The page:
Now, this bus, the stricken bus, Bus No. 2, we understood was now on its way back from the old city of Jerusalem from the Western Wall, the Wailing Wall, where people have presumably gone to be praying late and hitting through into this ultra orthodox religious neighborhood of Me'rh Sharim (ph) and then on through all the ultrareligious parts of Jerusalem and we know that most of the people lived here are lower income, large family people and most of them don't have cars and that's part of the explanation why even though -- this late hour of the night -- it was 9:15 when the bomber struck -- that that bus was that crowded.
So very grim scene, we're seeing all too often such a (UNINTELLIGIBLE). Particularly horrifying one, Michael.
HOLMES: Indeed. Jerrold Kessel there on the scene of this.
And Miles, as Jerrold confirming there are reports that we heard here in the bureau that many of those on the bus were in fact ultrareligious Jews on their way back of the Wailing Wall. Of course, a very holy site for Jews, if not the holy site. Now, you were asking about the withdraw, the planed handover, if you like, of security control to Palestinians. Four towns have been on the table, a couple of cities and a couple of towns. Khalikuliar (ph) among them in West Bank, Jericho, Ramallah, significantly, of course, because that's where Yasser Arafat has been holed, getting on for two years now.
Those talks held up by a couple of technicalities, if you like. They were back on. They were going to start talking again tomorrow. Now I think it's safe to say after an event like this, the Israeli Security Cabinet will meet tomorrow. I would think it very unlikely that those talks would go ahead, given what's happened here this evening, Miles.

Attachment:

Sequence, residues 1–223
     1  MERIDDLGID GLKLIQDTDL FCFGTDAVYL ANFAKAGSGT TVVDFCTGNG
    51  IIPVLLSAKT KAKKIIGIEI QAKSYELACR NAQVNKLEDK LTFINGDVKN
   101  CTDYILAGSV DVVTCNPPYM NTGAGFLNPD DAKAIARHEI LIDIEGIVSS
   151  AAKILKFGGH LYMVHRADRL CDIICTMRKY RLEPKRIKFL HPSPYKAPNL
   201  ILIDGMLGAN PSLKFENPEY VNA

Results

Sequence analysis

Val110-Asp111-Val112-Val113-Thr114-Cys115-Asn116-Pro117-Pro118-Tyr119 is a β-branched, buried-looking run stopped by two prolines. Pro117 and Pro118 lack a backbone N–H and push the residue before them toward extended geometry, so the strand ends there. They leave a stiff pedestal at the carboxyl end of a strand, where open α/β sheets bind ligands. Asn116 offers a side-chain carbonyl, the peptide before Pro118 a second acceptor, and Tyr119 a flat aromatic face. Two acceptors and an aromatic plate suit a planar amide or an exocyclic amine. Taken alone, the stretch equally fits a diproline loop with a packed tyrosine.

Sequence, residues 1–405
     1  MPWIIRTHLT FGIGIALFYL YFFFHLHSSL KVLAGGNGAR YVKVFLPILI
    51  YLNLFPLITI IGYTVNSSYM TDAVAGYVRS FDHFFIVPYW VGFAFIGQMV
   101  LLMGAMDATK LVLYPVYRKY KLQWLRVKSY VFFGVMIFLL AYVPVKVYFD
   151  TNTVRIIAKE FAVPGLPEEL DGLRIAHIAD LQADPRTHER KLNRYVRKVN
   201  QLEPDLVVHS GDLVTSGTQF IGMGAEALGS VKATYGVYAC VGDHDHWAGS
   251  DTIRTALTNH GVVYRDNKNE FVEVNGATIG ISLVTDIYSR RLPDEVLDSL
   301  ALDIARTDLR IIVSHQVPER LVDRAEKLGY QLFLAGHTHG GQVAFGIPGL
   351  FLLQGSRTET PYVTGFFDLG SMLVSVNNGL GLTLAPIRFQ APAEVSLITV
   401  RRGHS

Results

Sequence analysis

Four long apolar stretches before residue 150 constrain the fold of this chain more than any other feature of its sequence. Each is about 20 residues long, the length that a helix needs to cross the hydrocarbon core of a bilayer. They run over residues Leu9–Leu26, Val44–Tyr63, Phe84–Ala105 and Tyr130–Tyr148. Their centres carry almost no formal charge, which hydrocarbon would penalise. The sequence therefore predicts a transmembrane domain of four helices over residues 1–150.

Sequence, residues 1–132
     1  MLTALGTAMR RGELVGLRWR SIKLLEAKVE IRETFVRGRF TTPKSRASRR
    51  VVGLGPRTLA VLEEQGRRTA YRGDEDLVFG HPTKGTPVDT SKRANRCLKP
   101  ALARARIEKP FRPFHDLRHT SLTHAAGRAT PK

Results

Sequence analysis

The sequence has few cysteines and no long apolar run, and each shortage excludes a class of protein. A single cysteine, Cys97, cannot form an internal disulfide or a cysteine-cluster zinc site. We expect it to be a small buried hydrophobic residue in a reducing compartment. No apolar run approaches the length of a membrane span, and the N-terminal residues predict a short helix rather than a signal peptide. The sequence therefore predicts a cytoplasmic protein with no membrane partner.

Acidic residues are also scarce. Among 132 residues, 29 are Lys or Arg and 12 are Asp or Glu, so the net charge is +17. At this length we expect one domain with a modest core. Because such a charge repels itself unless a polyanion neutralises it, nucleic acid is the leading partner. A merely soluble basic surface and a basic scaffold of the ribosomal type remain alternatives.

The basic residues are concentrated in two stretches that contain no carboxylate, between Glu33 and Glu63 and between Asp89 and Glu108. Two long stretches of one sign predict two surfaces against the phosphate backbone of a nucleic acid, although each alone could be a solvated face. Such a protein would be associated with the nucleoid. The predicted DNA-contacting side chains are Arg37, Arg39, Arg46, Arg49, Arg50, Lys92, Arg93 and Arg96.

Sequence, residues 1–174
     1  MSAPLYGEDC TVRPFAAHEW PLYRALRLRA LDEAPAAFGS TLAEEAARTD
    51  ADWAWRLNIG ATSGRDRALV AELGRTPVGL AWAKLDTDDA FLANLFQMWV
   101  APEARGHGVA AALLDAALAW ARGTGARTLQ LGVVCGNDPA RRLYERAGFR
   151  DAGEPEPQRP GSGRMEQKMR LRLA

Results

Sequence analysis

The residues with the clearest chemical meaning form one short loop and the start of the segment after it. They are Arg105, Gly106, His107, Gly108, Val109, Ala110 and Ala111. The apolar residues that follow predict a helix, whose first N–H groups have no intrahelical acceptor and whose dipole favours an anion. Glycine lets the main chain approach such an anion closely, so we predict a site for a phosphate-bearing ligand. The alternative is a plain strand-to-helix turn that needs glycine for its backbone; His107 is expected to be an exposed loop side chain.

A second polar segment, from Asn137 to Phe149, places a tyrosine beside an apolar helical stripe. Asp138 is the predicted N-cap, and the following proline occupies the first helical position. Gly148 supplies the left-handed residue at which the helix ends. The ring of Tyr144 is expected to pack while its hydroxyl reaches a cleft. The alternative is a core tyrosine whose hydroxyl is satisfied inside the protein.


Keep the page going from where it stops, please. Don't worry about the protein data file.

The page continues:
O'BRIEN: Michael, you mentioned the Israeli Security Cabinet. Have you heard anything at all officially or otherwise from the Sharon government yet. It's still, I know, very early.
HOLMES: No, not yet. We would expect to get a statement a little later, I should imagine. That's how it normally works. We have had government spokesmen already coming out and obviously condemning this attack and laying it at the feet, if you like, of the Palestinian authority, who Israel says has done nothing to break down the organizations as required in the road map, the militant groups like Islamic Jihad and Hamas. The road map to peace, of course, calling for the dismantling of the infrastructure of these groups. That has not occurred. Palestinian leaders saying that it could lead to civil war and drive these groups underground and would, in fact, engender more public support for groups like Hamas. So it's a very delicate balancing act. But certainly Israeli government spokesman already saying that this is the result of the dismantling, not going ahead, as yet.
Obviously, you know, at a time like this, it's a very -- a human tragedy. But there's also some major longterm political ramifications perhaps, as well, Miles.
O'BRIEN: This comes on the heels -- we have been talking about this -- of a seven week respite in the violence -- that the mood in Jerusalem had relaxed somewhat, had it not?
HOLMES: Yes, it's true. As you know, I've been here many times over the last 18 months, at times of bombing and times of Israeli incursions into the West Bank. And it is a very tense place at times like that.
I've been back for a few days and I detected a far more relaxed attitude. As I said, I was out having a meal in West Jerusalem, very close to the Green Line. The streets were full of people. It's a balmy summer's evening. Lots of young people out at restaurants. The security is there, as it always is. But yes, I think there had been a taking of pleasure, if you like, at the quietness that has existed -- comparative quietness, we must say, because there have been bombings and Israeli military raids into the West Bank. But a comparative quietness in this city, which has seen so much death in the last couple of years, in particular. But I should imagine that the place will very much go back onto full alert -- Miles.
O'BRIEN: All right. CNN's Michael Holmes in our Jerusalem bureau. Thank you very much.